All points bulletin: an escaped Moose

February 9, 2011

Preface:  Before the arrival of the little Beans, I had preconceived ideas about parenting.  My children, a boy and a girl, would be beautiful, precocious, obedient, witty and charming.  Their rooms would be immaculate; their behavior, beyond reproach; and their manners, an example for all.  We would not have tantrums, black eyes, or finicky eating habits.  The little Beans would be worldly and well rounded.

I was so convinced of my superior parenting skills that I presumed to pass judgment on other people, who, in fact, were already parenting.

“Such-and-such is a bad parent,” I once told my friend Heather.

“Don’t ever say that,” she told me.  “You haven’t walked in her shoes.”

Heather is wise beyond her years.

With the arrival of Bean 1 came colic, temper tantrums, snotty noses, defiance, and chaos.  My initiation was fast and furious.  And crazy me, I thought, what the hell is one more?  I’ll have a girl the second time and life will be harmonious.

I swear to you, gentle reader, I was NOT smoking crack.  And then came Bean 2.  Moose is a posterboy for baby straight jackets…. I bought a leash, baby proofed for a tasmanian devil, and still life unraveled at the seams. 

All of my fairytale ideas about children and parenting dissolved in the chaos, and I began every day on a wing and a prayer, which leads me to my current story.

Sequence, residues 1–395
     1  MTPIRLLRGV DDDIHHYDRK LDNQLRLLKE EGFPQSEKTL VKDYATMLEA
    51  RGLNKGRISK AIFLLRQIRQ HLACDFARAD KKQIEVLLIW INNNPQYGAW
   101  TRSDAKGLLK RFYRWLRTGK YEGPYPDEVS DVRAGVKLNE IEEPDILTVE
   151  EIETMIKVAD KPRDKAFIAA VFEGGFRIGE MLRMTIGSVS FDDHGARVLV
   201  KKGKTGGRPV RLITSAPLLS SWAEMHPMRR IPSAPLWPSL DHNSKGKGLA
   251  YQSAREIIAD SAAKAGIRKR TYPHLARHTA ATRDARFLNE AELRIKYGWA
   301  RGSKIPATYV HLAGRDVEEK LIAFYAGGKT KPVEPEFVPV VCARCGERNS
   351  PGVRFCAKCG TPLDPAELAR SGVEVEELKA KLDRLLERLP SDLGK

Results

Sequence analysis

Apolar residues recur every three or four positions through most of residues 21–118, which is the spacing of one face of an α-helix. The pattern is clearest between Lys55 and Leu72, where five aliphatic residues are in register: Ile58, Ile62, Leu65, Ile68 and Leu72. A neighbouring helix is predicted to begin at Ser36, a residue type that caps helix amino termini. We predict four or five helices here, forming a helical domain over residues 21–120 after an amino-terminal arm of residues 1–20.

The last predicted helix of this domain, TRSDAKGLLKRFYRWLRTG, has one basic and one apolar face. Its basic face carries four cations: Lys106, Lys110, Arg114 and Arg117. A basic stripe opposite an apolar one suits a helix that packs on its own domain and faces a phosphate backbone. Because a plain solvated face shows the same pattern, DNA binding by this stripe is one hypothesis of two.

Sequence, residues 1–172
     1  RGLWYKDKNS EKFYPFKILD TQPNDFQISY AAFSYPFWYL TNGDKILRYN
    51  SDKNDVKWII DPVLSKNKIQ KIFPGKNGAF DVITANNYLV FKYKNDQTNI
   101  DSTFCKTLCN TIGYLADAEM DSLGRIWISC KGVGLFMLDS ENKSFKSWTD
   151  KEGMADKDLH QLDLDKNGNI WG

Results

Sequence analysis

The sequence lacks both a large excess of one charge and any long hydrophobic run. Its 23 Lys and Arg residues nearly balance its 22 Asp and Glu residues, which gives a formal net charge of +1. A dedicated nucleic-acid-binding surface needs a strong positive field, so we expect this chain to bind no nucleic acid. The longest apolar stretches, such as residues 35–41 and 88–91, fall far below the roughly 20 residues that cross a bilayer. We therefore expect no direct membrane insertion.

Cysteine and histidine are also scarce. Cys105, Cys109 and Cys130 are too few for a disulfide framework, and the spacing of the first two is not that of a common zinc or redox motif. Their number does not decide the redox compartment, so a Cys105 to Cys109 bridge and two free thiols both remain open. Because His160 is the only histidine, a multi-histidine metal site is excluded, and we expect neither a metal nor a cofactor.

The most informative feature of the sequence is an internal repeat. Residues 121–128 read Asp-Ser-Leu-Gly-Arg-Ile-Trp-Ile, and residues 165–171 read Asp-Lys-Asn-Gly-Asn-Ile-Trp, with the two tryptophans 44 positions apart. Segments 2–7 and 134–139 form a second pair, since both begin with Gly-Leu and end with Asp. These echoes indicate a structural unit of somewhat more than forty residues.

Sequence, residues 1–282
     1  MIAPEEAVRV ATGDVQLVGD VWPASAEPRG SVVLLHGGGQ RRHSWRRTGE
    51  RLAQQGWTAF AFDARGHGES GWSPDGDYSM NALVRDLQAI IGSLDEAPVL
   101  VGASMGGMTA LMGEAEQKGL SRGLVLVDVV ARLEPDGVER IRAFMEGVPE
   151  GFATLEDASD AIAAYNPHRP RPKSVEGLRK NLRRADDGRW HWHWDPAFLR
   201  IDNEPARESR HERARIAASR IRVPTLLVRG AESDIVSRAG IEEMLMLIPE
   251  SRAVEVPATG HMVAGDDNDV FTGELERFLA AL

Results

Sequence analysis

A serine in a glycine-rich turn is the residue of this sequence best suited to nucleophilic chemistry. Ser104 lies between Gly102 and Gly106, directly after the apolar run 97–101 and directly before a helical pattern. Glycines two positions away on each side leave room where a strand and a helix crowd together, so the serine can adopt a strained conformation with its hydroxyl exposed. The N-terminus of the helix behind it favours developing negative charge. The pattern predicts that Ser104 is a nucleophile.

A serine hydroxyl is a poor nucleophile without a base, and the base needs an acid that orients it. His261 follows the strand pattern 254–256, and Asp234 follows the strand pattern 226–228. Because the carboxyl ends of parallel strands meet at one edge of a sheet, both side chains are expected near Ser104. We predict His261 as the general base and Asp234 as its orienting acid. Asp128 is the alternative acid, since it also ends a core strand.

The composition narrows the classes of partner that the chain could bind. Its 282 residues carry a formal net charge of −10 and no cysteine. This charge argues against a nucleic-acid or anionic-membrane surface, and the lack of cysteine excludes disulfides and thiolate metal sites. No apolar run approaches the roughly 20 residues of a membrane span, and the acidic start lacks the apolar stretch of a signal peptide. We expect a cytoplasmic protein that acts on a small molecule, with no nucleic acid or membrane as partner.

It was Saturday afternoon, and Wendy called to brag that she’d beaten me at Scrabble.  I hadn’t been beaten at Scrabble by anyone in a long time, and I wasn’t too happy about it. 

Beans are sore losers, which is why Papa refuses to take part in any games in which I am competing.

Bean 1 and Bean 2 were playing together sweetly, and my talk with Wendy migrated from Scrabble to her shock when dear Uncle Paulie bent under the kitchen sink to fix a leak. 

“What’s a little plumber’s butt in the family?” I asked.

“No, no, no.  That’s not it.  He was wearing women’s underwear.”

Uncle Paulie is a 78-year-old widower.

“Are you sure?”

“It was gold and black lace.”

Holy shit!

The black cloud of the lost Scrabble game lifted. A 78-year-old man wearing gold and black lace panties was too funny not to laugh, and I had vicariously witnessed it.

When I got off the phone, it was past nap time, and I went to Jax’s room to find Moose.

“Where’s Moose,” I asked.

“I don’t know.”

“I thought he was in here playing with you.”


So then I went into my room.  No Moose.  I went into my bathroom.  No Moose.  I went into Moose’s room.  No Moose.  I went into the room Papa calls his office.  No Moose.  Then I went upstairs to Papa’s man cave with the beyond ugly recliner.  No Moose.  I looked under the bed.  No Moose.  I looked in the closet.  No Moose.  I looked behind the beyond-ugly recliner.  No Moose.  I searched the attic.  No Moose.

I ran back down to Jax’s room.  “Are you sure you haven’t seen Moose.”

“No, Mommy.”